It seems that today in America socialism and socialist ideas are extremely popular. The popularity seems to be increasingly popular among millennials. The idea of everyone being economically equal sounds great and wonderful, but only in theory. It is my belief that the majority of those who support socialist ideas and socialist politicians are either naïve or just haven’t researched the implications of their views and ideas. Dr. David Noebel, founder of Summit Ministries says that “Ideas have consequences”. He is correct. Every idea has consequences, either bad or good consequences. Sometimes it’s pretty simple where good ideas have good consequences and bad ideas have bad consequences. Although, it can also be the reverse of that where bad ideas have good consequences and good ideas have bad consequences. I believe that the latter is true of those in today’s society that support socialism. They have good intentions and want the world to be better, but they just haven’t followed out the ideas to their logical conclusions. In my research, I have come to believe that socialism is incompatible with a biblical worldview.

Capitalism: An economic system in which all or most of the means of production and distribution (land, factories, railroads, etc.) are privately owned and operated for profit.

Socialism: An economic system in which the ownership and operation of the means of production and distribution are controlled by the government. In Marxist thinking, socialism (i.e., abolition of private property) is the transitional phase between capitalism and communism (1).

Winston Churchill once said, “Capitalism is the unequal distribution of wealth. Socialism is the equal distribution of poverty.”

Theologian and economist Ronald Nash outlines the distinctions between free market capitalism and socialism: “One dominant feature of capitalism is economic freedom, the right of people to exchange things voluntarily, free from force, fraud, and theft. Capitalism is more than this, of course, but its concern with with free exchange is obvious. Socialism, on the other hand, seeks to replace the freedom of the market with a group of central planners who exercise control over essential market functions.” (2)

Christians who believe socialism (or communism) is a more desirable system than capitalism do so trusting that centralized control or command economy will create a more just means of sharing scares resources. Many of those who call for a socialist economic system do so on the basis of Acts 2:44-45 that describes Christians in the early church sharing all things in common. They fail to consider, however, the implications of Acts 2:46-47 that describes Christians eating with others in their homes and Acts 5:1-4 that tells of their freedom to own and sell private property. (1)

The Bible as a whole supports an economic system that respects private property and the whole work ethic. (See especially Proverbs 31, Isaiah 65:21- 22, Jeremiah 32:43-44, Acts 5:1-4 and Ephesians 4:28). Both the Old and New Testament teach about private property and good stewardship of property (Genesis 23:13-20; Exodus 20:15; Deuteronomy 8; Ruth 2; Isaiah 65:21-22; Jeremiah 32:42-44; Psalms 112; Proverbs 31; Micah 4:1-4; Luke 12:13-15; Acts 5:1-4; Ephesians 4:28). Ownership of property is a God-given right; and stewardship is a God-given responsibility. Our right to own property stems from our duty to work. The very existence of private property encourages our diligence and fruitfulness; “Lazy hands make a man poor, but diligent hands bring wealth” (Proverbs 10:4) (1).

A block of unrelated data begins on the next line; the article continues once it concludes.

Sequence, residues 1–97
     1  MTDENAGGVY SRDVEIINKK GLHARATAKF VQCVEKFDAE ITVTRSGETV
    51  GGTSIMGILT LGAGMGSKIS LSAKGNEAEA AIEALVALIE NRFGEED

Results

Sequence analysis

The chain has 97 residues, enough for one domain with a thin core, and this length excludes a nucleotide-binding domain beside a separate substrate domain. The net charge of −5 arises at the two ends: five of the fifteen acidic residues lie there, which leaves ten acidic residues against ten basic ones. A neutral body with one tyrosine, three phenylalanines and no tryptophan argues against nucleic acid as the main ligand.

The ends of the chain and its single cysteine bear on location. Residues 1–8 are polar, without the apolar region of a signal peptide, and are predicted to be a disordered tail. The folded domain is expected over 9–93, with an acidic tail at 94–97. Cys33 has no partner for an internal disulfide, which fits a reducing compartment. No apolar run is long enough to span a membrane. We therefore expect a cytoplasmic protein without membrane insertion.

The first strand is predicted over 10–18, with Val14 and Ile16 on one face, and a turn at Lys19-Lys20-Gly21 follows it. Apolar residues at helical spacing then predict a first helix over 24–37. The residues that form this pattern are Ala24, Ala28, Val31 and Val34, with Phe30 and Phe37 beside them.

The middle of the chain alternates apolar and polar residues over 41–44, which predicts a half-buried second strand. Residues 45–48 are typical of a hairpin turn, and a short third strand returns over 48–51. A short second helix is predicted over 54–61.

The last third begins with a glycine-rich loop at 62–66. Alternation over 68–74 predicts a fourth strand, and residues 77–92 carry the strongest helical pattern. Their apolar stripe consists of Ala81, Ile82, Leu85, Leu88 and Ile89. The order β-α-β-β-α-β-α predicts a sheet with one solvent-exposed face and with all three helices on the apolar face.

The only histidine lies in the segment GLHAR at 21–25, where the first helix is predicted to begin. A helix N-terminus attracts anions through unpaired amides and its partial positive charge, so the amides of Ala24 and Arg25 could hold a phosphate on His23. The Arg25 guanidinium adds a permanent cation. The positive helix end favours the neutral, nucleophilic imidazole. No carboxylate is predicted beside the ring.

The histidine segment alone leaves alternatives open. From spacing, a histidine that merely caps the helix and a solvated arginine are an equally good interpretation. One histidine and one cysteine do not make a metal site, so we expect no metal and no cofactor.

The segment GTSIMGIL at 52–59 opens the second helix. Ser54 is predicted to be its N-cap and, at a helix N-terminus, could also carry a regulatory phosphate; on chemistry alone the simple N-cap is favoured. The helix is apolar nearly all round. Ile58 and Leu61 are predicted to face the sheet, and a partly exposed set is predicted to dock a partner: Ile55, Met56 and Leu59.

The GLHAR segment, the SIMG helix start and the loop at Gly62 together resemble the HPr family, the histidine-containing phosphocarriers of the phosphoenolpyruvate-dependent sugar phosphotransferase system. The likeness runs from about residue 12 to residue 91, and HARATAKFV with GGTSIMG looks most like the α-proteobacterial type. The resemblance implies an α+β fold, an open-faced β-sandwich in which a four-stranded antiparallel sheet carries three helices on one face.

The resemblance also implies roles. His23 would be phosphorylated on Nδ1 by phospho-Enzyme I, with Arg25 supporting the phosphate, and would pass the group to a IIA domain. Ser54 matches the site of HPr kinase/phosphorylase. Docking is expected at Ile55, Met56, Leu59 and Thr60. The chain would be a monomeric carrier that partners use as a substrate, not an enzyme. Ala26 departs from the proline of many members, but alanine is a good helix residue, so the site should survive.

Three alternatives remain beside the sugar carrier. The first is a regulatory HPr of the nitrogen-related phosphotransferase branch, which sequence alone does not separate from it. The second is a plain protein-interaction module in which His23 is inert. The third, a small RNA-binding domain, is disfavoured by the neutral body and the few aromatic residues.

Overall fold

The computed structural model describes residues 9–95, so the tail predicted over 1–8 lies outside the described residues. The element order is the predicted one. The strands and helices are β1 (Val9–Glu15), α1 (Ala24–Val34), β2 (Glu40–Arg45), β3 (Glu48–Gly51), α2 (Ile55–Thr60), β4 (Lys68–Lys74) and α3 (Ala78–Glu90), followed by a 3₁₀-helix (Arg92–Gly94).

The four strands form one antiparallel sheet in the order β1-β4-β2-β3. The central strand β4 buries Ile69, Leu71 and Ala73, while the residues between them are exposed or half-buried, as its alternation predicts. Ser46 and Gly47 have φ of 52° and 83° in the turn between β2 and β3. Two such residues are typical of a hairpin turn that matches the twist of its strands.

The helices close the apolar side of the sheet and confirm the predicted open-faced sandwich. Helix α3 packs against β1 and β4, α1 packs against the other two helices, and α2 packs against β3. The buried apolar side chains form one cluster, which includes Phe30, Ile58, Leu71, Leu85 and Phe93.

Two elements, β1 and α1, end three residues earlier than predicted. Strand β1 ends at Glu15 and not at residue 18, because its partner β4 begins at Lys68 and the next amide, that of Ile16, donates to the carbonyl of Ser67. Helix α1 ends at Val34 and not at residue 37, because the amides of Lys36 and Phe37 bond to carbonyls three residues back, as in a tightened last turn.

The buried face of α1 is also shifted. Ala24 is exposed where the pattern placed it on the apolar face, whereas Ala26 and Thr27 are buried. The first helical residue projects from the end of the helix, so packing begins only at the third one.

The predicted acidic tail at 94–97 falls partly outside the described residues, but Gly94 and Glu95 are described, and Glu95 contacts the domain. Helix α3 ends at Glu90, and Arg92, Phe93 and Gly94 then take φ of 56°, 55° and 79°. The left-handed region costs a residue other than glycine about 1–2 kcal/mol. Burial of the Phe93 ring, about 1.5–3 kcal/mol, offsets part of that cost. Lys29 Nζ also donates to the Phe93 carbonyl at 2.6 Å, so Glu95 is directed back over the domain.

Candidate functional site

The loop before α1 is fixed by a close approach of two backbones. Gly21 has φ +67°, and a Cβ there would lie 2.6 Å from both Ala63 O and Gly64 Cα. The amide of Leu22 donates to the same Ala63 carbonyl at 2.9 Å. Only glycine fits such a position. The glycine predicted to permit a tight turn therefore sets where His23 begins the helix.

The Bible teaches that workers deserve their pay, and those that work hard are rewarded, while those who are lazy remain poor (Proverbs 10:4, 14:23; Luke 10:7). These teachings imply that competition in the workplace leads to fruitfulness. However, Christians who believe a socialist economic system is more biblical than a capitalist systems contend that competition is evil in that it leads to greed, envy, and competition for for limited resources is counterproductive. Competition encourages cooperation in a capitalist society when we act in accordance with the principle of comparative advantage. This principle states that individuals in a free market economy can produce valuable goods or services by specializing in an area where there is the least absolute disadvantage. In other words, focusing on producing goods or services through cooperation benefits society as a whole. This in turn creates more goods and services that can benefit the poor. Competition through comparative advantage also reinforces our worth and dignity in the sense that our work and diligence contribute to the welfare of society as a whole. Comparative advantage allows us the opportunity to become the best producer of a service or product. Thus, competition that leads to cooperation and the recognition of individual worth harmonizes with the Christian worldview, which sees human beings as image-bearers of God (1).

Many Christian socialists believe that social justice to the poor demands that everyone share limited resources equally and that this principle takes precedence over all other considerations. Reconciling this principle with biblical teachings, however, is problematic. Paul teaches the relationship between work and property when he says, “For even when we were with you, we gave you this rule; ‘if a man will not work, he shall not eat’” (2 Thessalonians 3:10). God teaches us that fairness consists of not showing special favor to the rich or to the poor (Leviticus 19:15). Theologian Calvin Beisner counters the socialist interpretation of social justice when he says, “God is not ‘on the side of the poor,’ despite protests to the contrary. Any law, therefore, that gives an advantage in the economic sphere to anyone, rich or poor, violates Biblical justice.” Justice requires equality before the law rather than equality of income or ability. Justice will in fact lead to economic inequality. Beisner continues, “The Bible demands impartiality, which because people differ in interests, gifts, capacities, and stations in life, must in variability result in conditional inequality” (3) (1).